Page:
Aumni is helping founders validate their term sheets… for free
Utah-based investment analytics company Aumni’s Enhanced Model Term Sheet 2.0 allows founders and investors to not only draft term sheets for investment rounds but also compares the terms against market benchmarks, company expectations, and even the founder’s own data.
Founded by former corporate venture attorneys, Aumni’s leadership is familiar with the tedium of term sheets, and the frequency of both founders and investors feeling like they got an unfair shake after signing.
“You can go buy stock in Amazon or Google and know exactly what you bought, how much it costs, and what you’re going to get out of the purchase in the long run,” says Pawan Murthy, head of marketing at Aumni. “There are lots of regulations around disclosures for public companies, and that leads to relatively frictionless transactions for individuals and the corporations in public markets.”
By contrast, the private market, where venture capitalists and founders vie to sign and sell transactions, is more of a treacherous terrain making it difficult to determine whether a term sheet’s agreements are honest and equitable for all parties involved.
“All of that same information that you’d use to verify the legitimacy and security of a deal in a public signing is wrapped up in hidden legal equipment,” he says. “The data is there, but it’s unstructured and very labor-intensive to even find, much less understand enough to make informed investments and decisions.”
Aumni’s solution is a software platform that pairs artificial and human intelligence. The tech offers a scalable and accurate way of extracting pertinent data points from a variety of documents––it scans Excel spreadsheets, income statements, and even previous contracts.
“With this, a venture capital investor, for example, wants to know the current value of an investment in Coinbase, they can get an immediate understanding of their ownership and legal rights in the company in less than two clicks. Where before, making funding and financing decisions would require an analyst or attorney to pour through pages and pages of legal agreements, now any single person can get to the same answer faster.”
The model sheet is available for free to any user, anywhere. So far, the tool has over 4,500 individual downloads, with a majority in Silicon Valley, New York City, and the Mountain West.
“We’re a software company, and we make money off of software subscriptions, so no, we’re not directly making money off of this,” Murthy says. “But that wasn’t why we made the platform. The service exists, and it’s free because we wanted to provide more value to the venture community. There’s a desperate need in the market for these trend analytics, to streamline it, to make these kinds of insights and analytics necessary for better deals available to everyone who needs it, whether you’re an individual venture capitalist, a large firm, or a group of founders just getting off the ground.”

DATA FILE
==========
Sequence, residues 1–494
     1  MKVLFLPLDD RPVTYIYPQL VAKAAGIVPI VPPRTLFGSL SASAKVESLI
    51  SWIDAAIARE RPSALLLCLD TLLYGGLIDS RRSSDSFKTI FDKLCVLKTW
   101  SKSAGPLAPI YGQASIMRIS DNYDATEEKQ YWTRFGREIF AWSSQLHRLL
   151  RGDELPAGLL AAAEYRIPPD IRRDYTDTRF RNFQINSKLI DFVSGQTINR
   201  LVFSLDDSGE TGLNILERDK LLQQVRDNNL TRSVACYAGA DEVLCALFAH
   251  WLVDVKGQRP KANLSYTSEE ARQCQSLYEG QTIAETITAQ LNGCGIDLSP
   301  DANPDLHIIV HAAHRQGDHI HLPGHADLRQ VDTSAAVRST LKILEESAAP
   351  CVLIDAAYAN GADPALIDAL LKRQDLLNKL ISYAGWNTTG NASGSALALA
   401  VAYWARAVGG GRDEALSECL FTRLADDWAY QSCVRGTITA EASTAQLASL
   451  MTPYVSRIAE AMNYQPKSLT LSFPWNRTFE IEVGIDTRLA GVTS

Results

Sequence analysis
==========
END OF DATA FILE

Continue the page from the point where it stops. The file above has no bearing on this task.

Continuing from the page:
While this is big news for everyone, the Aumni team says they’ve seen the biggest impact on smaller investors. “The emerging managers, those who manage under 100 million assets, are who we’ve seen benefit the most from this,” Murthy says. “This kind of analyst work can get very expensive very quickly, and when you’re strapped for cash and time, being able to get this kind of information, the opportunity to use data-driven decision-making models that much bigger firms can manage, is invaluable.”
The release of the Model Term Sheet earlier this month is an updated version of the platform originally made public in July 2020. After the first round of downloads, Aumni sent out a survey searching for feedback to improve the platform. They received thousands of responses.
“People wanted more data fields, better data points and quicker turnaround, and that’s what you get in this 2.0 version,” he says. “We doubled the data processing space in this newest tool and allow users to compare current data to historical metrics.”
This latest release was supported by the National Venture Capital Association, which advocates for the venture capital community within federal legislation and policy proposals. “Many of our clients are members of the NVCA,” Murthy says. “Our partnership made sense: we had the same goal to add value to the community, and we found this symbiotic relationship between us. We collect and help present the data, and the NVCA enables the venture capitalists to use it.”
Aumni is in the process of developing updates for the Enhanced Model Term Sheet and say a 3.0 version could be coming.
“We have plans to release frequent updates, at least on a yearly basis,” Murthy says. “We’re taking feedback as it comes and adjusting our product to be the most useful it can be.”